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The lucky elephant charm is a deliberate bit of cultural exoticism found in America and Europe. Historically linked to to the era of British colonialism in India, it entered popular culture folk-magic during the late 19th century and probably reached its apotheosis in the 1930s, when lucky elephant charms and knick-knacks were all the rage in the United States, Canada, and Europe.

The origins of the lucky elephant charm can be found in the Hindu religion of India. There, the god Ganesha, the elephant-headed son of Siva and Parvati, is worshipped as an opener of the way and luck-god. Ganesha has his own iconography in India, and his best-known symbol is the swastika, which was also popular as a luck-symbol in America, at least until the Nazis corrupted its referential connotations.

The American lucky elephant craze of the early to mid 20th century did not make use of elephant-headed Ganesha imagery. Instead, it conflated the luck-god with the elephant itself, perhaps because there was a lot of media interest after World War One in the so-called "white elephants" of Thailand. Custom dictated that this rare race of pale-skinned elephants could only be owned by members of the royal family -- and American newspaper and magazine accounts of the period made much of the fact that the animals were expensive to maintain. It was even claimed that the King of Thailand was straining his treasury to keep his white elephants fed -- and the term "white elephant" came to mean an unwanted knick-knack of which one cannot dispose.

American fascination with the lucky elephant-god of India and the white elephants of Thailand combined in the form of the ubiquitous lucky elephant knick-knack. In typical American fashion, it was decreed that only those elephant figurines with their trunks upraised were lucky. The rest were, as a friend of mine put it, "just elephants."

This "trunk up" belief has no apparant origin in Africa, India, or South East Asia where elephants are native, but is widespread in the USA, and many Asian and African amulet and statuary makers now produce trunk-up elephant statues for American buyers. It may have originated in the west-British and Irish belief that a lucky horseshoe must face upward or "the luck will run out.") The statuette shown here is a cheap Japanese lusterware "trunk up" elephant knick-knack purchased in San Francisco's Chinatown in the 1950s. Other lucky elephant figurines of the mid-20th century were made of ivory, ivory-coloured plastic, onyx, porcelain, jade, serpentine, and ebony.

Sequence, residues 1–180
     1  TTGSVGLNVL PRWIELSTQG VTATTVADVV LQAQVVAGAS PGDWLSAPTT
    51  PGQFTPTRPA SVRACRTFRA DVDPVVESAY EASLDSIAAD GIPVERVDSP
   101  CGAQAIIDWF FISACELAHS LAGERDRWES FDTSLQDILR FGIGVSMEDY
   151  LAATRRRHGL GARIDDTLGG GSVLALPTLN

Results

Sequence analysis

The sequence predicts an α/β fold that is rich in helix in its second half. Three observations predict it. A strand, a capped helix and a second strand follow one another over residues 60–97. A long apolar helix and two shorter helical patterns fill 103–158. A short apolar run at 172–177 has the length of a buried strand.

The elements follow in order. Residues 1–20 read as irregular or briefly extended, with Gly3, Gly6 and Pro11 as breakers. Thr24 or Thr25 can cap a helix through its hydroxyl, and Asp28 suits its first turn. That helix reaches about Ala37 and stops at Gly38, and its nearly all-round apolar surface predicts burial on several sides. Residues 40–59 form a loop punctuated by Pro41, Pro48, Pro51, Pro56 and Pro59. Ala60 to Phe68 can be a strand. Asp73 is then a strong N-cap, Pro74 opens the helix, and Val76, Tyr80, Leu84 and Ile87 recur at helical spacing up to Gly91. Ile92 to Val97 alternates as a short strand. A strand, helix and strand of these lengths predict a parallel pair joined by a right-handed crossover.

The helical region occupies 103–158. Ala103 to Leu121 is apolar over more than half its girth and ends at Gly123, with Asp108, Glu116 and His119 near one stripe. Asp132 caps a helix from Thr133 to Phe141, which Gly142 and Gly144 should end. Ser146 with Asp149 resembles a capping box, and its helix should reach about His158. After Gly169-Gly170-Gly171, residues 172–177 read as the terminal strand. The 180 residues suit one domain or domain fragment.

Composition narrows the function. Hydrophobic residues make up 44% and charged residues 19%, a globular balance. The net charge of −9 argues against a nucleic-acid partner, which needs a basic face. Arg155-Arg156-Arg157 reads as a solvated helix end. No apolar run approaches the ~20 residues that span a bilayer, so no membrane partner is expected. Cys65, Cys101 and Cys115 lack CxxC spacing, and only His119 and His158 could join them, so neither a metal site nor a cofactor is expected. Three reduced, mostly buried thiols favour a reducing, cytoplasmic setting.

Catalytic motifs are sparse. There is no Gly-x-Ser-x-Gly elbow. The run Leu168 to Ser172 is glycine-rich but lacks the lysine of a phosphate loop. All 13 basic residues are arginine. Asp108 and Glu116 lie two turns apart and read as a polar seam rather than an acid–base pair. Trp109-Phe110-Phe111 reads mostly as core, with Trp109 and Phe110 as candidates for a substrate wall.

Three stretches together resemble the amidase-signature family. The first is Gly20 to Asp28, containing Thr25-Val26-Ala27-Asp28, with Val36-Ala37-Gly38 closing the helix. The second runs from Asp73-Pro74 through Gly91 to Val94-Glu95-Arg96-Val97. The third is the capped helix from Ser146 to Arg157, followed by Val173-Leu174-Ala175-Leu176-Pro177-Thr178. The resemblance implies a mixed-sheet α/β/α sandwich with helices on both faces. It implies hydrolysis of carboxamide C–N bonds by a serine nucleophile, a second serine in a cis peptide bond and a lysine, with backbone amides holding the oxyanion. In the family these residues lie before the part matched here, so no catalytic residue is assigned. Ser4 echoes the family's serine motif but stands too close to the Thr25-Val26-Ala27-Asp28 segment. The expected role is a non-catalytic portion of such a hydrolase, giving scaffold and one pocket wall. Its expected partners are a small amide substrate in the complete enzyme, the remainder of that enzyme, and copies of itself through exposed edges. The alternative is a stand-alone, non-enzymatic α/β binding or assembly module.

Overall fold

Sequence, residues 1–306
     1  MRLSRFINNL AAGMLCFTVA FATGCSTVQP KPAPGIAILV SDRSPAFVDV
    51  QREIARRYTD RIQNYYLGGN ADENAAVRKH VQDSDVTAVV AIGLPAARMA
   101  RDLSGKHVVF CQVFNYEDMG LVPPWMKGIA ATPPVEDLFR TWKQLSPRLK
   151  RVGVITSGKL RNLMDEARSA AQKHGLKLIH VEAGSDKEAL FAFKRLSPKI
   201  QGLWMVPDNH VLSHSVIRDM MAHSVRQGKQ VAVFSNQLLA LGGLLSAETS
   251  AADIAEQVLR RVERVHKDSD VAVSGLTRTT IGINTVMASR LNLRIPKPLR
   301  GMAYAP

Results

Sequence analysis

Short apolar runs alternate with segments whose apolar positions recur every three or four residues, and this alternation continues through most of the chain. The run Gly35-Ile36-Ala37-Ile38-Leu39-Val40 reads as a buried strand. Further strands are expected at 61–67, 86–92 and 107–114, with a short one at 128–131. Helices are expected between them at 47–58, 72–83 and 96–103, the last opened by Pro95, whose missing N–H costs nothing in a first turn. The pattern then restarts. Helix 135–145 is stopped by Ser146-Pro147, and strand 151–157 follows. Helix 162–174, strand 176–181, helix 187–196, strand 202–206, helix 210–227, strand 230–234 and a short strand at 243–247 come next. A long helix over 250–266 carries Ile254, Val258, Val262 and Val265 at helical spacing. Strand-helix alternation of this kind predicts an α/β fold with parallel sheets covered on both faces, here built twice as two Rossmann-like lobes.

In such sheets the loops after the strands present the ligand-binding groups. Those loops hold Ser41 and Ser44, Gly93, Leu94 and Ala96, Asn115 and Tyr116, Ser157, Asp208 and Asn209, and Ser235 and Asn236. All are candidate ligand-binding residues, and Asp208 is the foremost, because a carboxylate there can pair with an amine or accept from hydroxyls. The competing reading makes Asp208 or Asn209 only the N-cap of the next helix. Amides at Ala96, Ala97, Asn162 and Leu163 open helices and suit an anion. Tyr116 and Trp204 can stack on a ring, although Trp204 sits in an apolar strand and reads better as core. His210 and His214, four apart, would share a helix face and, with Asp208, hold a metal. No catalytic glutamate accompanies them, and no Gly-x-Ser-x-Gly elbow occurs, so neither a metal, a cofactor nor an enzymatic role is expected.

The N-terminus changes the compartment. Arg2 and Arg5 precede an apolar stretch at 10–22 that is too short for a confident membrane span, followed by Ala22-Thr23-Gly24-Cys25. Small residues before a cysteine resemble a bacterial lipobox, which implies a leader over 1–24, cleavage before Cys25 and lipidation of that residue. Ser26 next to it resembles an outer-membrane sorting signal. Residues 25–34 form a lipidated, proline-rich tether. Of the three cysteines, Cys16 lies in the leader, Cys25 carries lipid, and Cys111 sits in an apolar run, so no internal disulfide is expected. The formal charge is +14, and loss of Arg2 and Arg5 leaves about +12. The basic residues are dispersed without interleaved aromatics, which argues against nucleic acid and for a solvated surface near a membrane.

Concurrent with the popularity of lucky elephant figurines was the popularity of lucky elephant charms, usually carved of jade or cast in silver. These were typically worn by European and American girls and women as part of a charm bracelet, alongside other lucky emblems such as the heart, four-leaf clover, horseshoe, money bag, and wishbone.

During the Great Depression of the 1930s there was a fad for good luck coins and pocket pieces in North America, and the elephant did double duty: On regular pocket pieces, the elephant appeared along with the a panoply of good luck symbols, including the All-Seeing Eye, the swastika, the heart-padlock, the four-leaf clover, the horseshoe, the rabbit foot, and thewishbone; while on political advertising coins the elephant appeared alone, both for luck and as the mascot of the Republican Party.

After the lucky elephant "trunk up" belief became established in the USA, the belief that black cat with "tail up" were lucky soon followed, and magic candles in the form of a black cat with tail up can be found in old hoodoo catalogues dating back to the 1940s at least, if not earlier. However, tail up black cat statues never took off the way trunk up elephant statues did, so all we ever see are the black cat figural candles, which are generally burned for luck in gambling.

Elephant charms and lucky elephant figurines are still made and used, but their popularity is currently on the wane. One reason for this may be that the much-publicized endangered-species status of the elephant makes it seem anything but "lucky" in the modern world. Another reason may be that, like the rabbit foot, raccoon penis bone, and rattlesnake rattle, the elephant charm has somehow become linked with current cultural trends deploring the "exploitation of animals."

For more pages on lucky elephants, see:

elephants as lucky charms and knick-kancks
elephant-headed Ganesha, Hindu god of luck
elephant on European charm bracelet
elephant on good luck coins
elephant in Mexican Lucky Buddha statue
elephant on Mexican package amulet
elephant in Mexican snow-globe pyramid of luck
tiny carved elephants in a bean
jade elephant charm


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